WIP: LPIC 1
  17. 9box

    9box Bit Poster

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    Hi folks, Newbie here weeping into my keyboard. Having paid er um, more money than you'll care to know, up front, for a course that, promises me, ecdl, mcsa, A+, network+, mcse, security+. in 50 days of training.Yeah right. :dry . Even if what they said was true, I dont feel that i would be sufficiently "experienced" to be let loose on a real live it environment at the end.
    I am now beginning to realise just how much work is required in order to complete all of the above in 18 months. Even tho i came from an engineering background, i really havnt had that much to do with computing and i wasnt a natural gamer or anything. Shucks i'm finding basic access b*****y difficult as it is. Regrets are sprouting shoots, setting roots, growing well. I dont want them bearing bitter fruits.
    Oh how I wish i had come accross this site, and read even some, of the fine comments and good opinions from your good selves, above, and on other forums. I will give it my best shot, but am now realising that as good as an mcse is, its not really good enough on its own to "guarantee a position with a min salary of 20+k" As the advert infront of me boldly says!!!!http://www.UKITtraining.com Have a look and see for your selves. Its also all win 2k based as well dont know if that initself is worth commenting on....
     
  18. Jakamoko
    Honorary Member

    Jakamoko On the move again ...

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    Hey 9box - try not to get disheartened by what you read in this and other threads. Read around elsewhere on here, and you will find countless stories of success and inspiration. You're on the IT cert path now - let us, and yourself, help you to have a positive and upbeat approach to it and go for it for all you are worth - which I damn sure is a lot.

    Good luck, my friend. :thumbleft
     
    Certifications: MCP, A+, Network+
    WIP: Clarity
  19. ffreeloader

    ffreeloader Terabyte Poster

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    I would echo what Gav said. What I said probably looks pretty overwhelming to someone just starting out. However, go read my post on this thread and you will have a much better framework to understand the context of what I said on this thread. It's just hard to say it all in one post. Don't get discouraged with how much it looks like there is to learn. That is actually one of the best parts of working in IT.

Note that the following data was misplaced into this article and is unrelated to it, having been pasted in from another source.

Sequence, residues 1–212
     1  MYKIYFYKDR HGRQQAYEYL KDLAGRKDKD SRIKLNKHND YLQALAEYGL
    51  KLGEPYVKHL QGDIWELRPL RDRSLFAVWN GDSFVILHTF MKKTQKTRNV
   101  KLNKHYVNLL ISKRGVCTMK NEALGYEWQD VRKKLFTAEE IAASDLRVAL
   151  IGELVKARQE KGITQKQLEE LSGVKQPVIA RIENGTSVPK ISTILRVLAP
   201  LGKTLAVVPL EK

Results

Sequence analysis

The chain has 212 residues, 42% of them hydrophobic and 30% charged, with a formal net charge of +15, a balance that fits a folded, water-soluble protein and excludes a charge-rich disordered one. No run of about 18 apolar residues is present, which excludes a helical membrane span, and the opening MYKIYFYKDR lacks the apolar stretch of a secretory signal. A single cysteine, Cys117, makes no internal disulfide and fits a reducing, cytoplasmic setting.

I tend to talk a lot about how much there is to learn because so many people think that they can get into IT and have a successful career in it just be reading a book or two designed to get you to pass a certification exam and not even practicing what they are studying. That's simply not true and won't give a person the needed skills.

    There is what seems to me to be a foundational principle to understand about advertising by IT training providers: There is no truth in advertising. If you understand that then you won't be sucked in by TV ads saying that it's possible to study for a month or two and then start a job that pays money you can only dream about.

    No one thinks they can be a CPA, a physicist, a CEO, or any other job in which it takes great skill to succeed by reading a couple of books. IT is no different. This is one of the fastest changing and highest level of knowledge professions you can choose. And make no mistake about it, this is a profession. It is possible to earn a "professionals" income in this field, but it takes the same amount of effort to enter this profession as it does to enter any of the other professions.
     
    Certifications: MCSE, MCDBA, CCNA, A+
    WIP: LPIC 1
  20. Bluerinse
    Honorary Member

    Bluerinse Exabyte Poster

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    And if it's any consolation, I find access difficult too :rolleyes:
     
    Certifications: C&G Electronics - MCSA (W2K) MCSE (W2K)